There is no right or wrong answer to what your authentic style is. And for many women, the muscle within us has become so atrophied if it was ever developed in the first place. Therefore, if you don’t know what your authentic style is, it stands to reason. But it’s not hard to start this journey. Be gentle with yourself, give yourself more credence, more freedom, to wear what makes you feel most free and alive. Stop caring so much about what everyone is wearing, what the world currently agrees is the right thing to wear. And give others the same graciousness and support to find their way on their own time, and most importantly, notice how often you celebrate authenticity in others. You don’t judge them, you admire them. Know that you are always safe when you dress and live in an authentic manner.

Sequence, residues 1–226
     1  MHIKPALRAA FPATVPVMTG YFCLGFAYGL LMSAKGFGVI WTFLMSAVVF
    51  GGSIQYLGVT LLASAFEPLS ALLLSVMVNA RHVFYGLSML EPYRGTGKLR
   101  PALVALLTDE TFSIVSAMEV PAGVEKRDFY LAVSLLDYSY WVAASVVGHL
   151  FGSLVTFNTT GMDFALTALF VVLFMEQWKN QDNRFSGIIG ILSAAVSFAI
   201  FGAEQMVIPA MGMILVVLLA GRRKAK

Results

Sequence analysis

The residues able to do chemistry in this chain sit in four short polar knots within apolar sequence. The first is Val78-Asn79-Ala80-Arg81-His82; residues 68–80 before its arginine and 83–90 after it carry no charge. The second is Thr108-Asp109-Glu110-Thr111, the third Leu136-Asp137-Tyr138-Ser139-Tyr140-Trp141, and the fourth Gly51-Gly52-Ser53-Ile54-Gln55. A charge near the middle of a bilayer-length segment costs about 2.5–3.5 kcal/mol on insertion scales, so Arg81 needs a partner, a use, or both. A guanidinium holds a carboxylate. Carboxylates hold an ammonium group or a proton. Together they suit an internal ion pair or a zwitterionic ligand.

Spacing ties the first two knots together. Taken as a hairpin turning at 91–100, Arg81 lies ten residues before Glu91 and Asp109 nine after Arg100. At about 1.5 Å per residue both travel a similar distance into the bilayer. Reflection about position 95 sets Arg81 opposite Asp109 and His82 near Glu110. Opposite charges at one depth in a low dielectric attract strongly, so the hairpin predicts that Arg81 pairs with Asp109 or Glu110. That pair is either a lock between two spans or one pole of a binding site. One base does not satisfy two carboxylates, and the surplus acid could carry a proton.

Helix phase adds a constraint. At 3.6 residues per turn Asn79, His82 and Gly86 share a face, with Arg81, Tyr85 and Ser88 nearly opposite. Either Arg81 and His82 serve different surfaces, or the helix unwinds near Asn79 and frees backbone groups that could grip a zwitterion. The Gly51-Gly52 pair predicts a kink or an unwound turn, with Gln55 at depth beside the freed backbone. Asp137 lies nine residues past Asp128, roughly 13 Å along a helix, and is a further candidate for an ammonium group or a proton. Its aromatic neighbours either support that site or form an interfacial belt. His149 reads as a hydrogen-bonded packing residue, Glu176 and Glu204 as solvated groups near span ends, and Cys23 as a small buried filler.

Let’s start 2023 with a sense of freedom. Freedom to be, freedom to let go, freedom to fully express who you are. The world wants to see you, we’ve all been waiting.